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 Mt W-i-lley or W-I-lley 

W-i-lley or W-I-lley?
W-i-lley  79%  [ 11 ]
W-I-lley  21%  [ 3 ]
Total votes : 14

 Mt W-i-lley or W-I-lley 
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Sovereign Woodsman
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 Mt W-i-lley or W-I-lley
How do the rest of you pronounce this mountain and what is the correct way?


Sun Feb 20, 2011 6:33 pm
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Sovereign Woodsman
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Willie.

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Sun Feb 20, 2011 6:46 pm
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I agree with Woods Dweller...at least, that's the way I say it. I don't know what the correct way is.

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Sun Feb 20, 2011 6:49 pm
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Years ago, I watched a documentary called "New Hampshire's
White Mountains and Clear Lakes." In the documentary,
the narrator made mention of the Willey House in Crawford
Notch and he had pronounced it "Willy," so ever since then,
that's the way I've been pronouncing it.

I don't think it's called the "Wile E. Range." :lol:

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Sun Feb 20, 2011 7:08 pm
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 Re: Mt W-i-lley or W-I-lley
IQuest wrote:
How do the rest of you pronounce this mountain and what is the correct way?


Both.

Brian


Sun Feb 20, 2011 7:14 pm
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Will-E. Otherwise, according to our convoluted rules of grammar and phonetics here in the English speaking world, it would be spelled "Wiley." One consonant, long preceeding vowel sound. Two consonants, short preceeding vowel sound.

Class dismissed. :)

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Sun Feb 20, 2011 8:15 pm
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Sun Feb 20, 2011 8:29 pm
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Kathy wrote:
... according to our convoluted rules of grammar and phonetics here in the English speaking world, it would be spelled ....


I dunno, Kathy, I don't have much faith in rules when it comes to English ...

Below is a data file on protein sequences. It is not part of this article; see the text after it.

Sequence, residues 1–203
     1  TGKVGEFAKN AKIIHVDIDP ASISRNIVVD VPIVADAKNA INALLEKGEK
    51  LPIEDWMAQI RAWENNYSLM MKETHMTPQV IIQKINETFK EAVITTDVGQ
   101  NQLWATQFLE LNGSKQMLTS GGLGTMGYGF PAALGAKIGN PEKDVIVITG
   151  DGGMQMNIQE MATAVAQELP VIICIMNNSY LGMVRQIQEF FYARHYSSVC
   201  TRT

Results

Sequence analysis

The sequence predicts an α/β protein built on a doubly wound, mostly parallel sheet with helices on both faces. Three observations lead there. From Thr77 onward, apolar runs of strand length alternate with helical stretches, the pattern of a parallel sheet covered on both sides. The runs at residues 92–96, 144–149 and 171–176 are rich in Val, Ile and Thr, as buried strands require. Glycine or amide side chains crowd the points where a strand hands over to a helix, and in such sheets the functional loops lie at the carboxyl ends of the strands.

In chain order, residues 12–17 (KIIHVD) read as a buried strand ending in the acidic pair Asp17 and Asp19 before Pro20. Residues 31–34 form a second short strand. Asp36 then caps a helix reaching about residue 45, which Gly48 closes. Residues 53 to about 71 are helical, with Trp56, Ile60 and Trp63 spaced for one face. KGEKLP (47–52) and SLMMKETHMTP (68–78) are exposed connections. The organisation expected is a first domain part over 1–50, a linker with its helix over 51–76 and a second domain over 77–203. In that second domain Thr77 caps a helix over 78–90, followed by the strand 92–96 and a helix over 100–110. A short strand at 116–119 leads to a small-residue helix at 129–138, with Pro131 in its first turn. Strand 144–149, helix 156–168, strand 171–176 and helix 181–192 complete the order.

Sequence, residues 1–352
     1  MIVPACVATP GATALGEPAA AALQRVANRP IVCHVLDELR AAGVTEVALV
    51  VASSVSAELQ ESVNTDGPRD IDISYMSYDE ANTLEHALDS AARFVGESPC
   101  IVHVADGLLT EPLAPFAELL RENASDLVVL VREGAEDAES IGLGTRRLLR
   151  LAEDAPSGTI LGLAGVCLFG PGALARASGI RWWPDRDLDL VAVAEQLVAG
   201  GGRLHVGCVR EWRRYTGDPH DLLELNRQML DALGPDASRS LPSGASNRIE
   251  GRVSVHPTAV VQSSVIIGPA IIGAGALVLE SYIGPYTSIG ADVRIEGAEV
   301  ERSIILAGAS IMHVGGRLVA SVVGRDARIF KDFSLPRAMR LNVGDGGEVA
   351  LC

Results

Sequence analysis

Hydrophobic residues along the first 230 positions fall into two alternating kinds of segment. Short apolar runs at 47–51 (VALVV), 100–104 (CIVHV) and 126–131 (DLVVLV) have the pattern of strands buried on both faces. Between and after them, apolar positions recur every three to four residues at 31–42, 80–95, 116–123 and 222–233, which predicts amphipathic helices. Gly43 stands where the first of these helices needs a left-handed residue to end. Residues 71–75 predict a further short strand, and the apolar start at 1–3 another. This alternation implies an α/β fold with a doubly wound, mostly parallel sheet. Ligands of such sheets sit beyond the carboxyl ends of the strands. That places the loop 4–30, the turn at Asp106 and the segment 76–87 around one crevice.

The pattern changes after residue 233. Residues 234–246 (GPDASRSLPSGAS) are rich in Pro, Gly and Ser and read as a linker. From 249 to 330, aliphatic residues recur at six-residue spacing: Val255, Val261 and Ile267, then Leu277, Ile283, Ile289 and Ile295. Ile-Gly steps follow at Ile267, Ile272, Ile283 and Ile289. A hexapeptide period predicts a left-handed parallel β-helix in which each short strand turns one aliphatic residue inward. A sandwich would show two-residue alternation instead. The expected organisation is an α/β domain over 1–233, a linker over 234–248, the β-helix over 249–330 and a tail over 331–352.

how do you spell "fish" ?
ghoti ...

Who was it, Gallagher I think , had a good sketch on English spellings....
d-a-u-g-h-t-e-r ..."dotter"
l-a-u-g-h-t-e-r ... "lotter?" n-o-o-o ... "laffter" ....

stupid language. They don't *have* spelling bees for Spanish ....

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Sun Feb 20, 2011 8:38 pm
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FWIW it is the coyote version, not Nelsons first name, if I read this correctly, which is what I have always heard to be the correct way, although I myself can't help but call it "Willie" like Nelson half the time I speak of it.

...Origins of the Surnames Wylie, Wyllie, Wily, and Wiley, etc. (Soundex W400).

wi-ly () adj : marked by skill in deception; "a foxy scheme"; "sly as a fox".
From wi-le () .] A trick or stratagem practiced for insnaring or deception; a sly, insidious; artifice; a beguilement; an allurement.
[Middle English wil, from Old North French, from Old Norse vl, trick, or of Low German origin.]

There are many ways to spell the surnames prononced as the words wi-le and wi-ly above but, no matter how it's spelled, there can be little doubt as to the origin of the name. The word comes to us from Old Norse spoken in Britton and Scotland in the 9th and 10th centuries A.D. and was used to describe the little red dog-like animal known today as the fox. In the 10th and 11th centuries the word is found in Middle English and again used to describe the fox. In the 13th century the word "wile" or "wyle" means "crafty or sly, like a fox". There is no doubt that the word meant a fox or to be like a fox.